aprilhenry (aprilhenry) wrote,

Putting my out-of-print books on the Kindle

I’ve been published since 1999. Which means that, like many authors, some of my books are out of print. You can buy them used on Amazon or half.com, or you could break into my basement and steal a remaindered copy or two.

It’s hard to think that a book you loved and labored over is now forgotten except for the occasional library reader.

But now out-of-print books can have a second life. I started by putting my best-reviewed book to date, Learning to Fly, on the Kindle. Today I added Circles of Confusion, which has yet to sync up with the print version (but it did eventually with Learning to Fly).

What you need
-An Amazon account, which you already have if you have bought something from Amazon.

-The words. With luck, you still have the Word file that you submitted to your publisher. And again, with luck, they had you make changes on the file and re-send, rather than someone at the publisher someplace making changes. I’ve been proofing my old Word files before I post them on the Kindle. Nothing like not looking at something for five plus years to see typos.

And if you don’t have the words? You can scan in the book or manuscript. Lee Goldberg told me he scanned some of his out-of-print books using Omnipage 17 software. For one book, I used blueleaf-book-scanning.com and because I didn’t ask for anything fancy and didn’t ask for my book back, it only cost $12.15, plus $4.75 to mail them the book. Then they emailed me a word file.

-A cover image. My husband made me some new ones, using photos from istock.com. The photos were inexpensive, and my husband worked for free.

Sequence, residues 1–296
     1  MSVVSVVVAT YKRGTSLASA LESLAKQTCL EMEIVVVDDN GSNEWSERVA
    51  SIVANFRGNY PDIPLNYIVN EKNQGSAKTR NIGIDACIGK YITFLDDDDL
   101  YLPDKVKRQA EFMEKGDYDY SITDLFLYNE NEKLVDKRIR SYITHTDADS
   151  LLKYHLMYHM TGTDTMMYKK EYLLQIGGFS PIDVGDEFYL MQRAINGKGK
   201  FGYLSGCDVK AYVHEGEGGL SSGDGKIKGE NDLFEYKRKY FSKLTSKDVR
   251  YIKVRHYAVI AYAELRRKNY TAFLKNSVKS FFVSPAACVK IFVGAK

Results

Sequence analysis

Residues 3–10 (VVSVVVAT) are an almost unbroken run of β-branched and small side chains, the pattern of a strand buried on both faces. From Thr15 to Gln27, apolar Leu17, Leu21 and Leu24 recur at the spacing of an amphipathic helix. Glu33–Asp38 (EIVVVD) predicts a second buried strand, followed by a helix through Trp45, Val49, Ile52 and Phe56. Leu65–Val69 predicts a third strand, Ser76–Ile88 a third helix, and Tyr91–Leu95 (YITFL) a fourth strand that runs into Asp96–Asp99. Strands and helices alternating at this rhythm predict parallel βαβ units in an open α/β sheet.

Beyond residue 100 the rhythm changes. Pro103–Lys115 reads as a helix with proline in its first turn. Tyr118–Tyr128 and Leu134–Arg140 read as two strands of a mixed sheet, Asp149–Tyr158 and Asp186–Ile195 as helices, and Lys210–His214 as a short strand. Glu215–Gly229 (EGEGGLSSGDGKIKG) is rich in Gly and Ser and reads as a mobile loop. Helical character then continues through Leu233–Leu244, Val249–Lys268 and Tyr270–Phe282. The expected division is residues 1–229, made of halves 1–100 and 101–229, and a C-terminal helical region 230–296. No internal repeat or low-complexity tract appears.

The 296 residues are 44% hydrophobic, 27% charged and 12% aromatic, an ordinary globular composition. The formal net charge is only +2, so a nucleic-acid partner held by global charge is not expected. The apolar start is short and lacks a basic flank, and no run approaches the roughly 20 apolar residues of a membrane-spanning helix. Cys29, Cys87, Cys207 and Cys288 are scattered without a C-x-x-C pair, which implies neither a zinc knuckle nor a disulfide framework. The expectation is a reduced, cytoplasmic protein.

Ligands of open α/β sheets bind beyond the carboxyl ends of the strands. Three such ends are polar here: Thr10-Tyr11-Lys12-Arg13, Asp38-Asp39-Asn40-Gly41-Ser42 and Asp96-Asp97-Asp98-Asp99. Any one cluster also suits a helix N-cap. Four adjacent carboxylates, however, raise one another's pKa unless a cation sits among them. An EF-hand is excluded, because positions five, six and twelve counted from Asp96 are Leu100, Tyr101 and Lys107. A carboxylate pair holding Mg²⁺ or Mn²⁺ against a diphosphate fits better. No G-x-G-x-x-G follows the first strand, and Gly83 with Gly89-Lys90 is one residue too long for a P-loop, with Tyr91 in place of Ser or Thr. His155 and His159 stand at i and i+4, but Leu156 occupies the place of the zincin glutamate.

-Proof that you own the copyright. I just held up my “reversion of rights” letter from St. Martins to my Web cam, snapped a photo, and emailed it to Amazon. (Wait until they ask you for proof to do this step.)

-The ISBN of one of the print editions. When you are filling out the form to put your book on the Kindle, use the ISBN of your printed book. This will link it up with all your old reviews, both from readers and from publications.

What you get
-Probably not a ton of money. At least I haven’t yet. I’ve heard from other authors that their lower-priced books sell more copies than when they had a higher price. So I priced mine at $1.99. I figured more folks would take a chance on me. Amazon and I split that, 65%/35%. So I get 70 cents, which is still 70 cents I wouldn’t have had otherwise. So far, I’ve made under $100.

-More readers. More readers for books I loved but no one could buy anymore, except for the occasional used copy changing hands. More readers who might be willing to pay more to read Kindle books my publisher holds rights to, or even my newer print books.

For more info
Here’s where you need to go on Amazon to get started. They have a lot of information about how to do it.

This is Lee Goldberg’s experience.

And while I doubt anyone else has had JA Konrath's success, here’s part of his story.

How about you?
Got more info than what I have, or know a blog that does? Know how to put books on a Sony E-reader or a Nook? Let me know.

More of the covers my talented husband designed for when I put the books on the Kindle

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Tags: kindle
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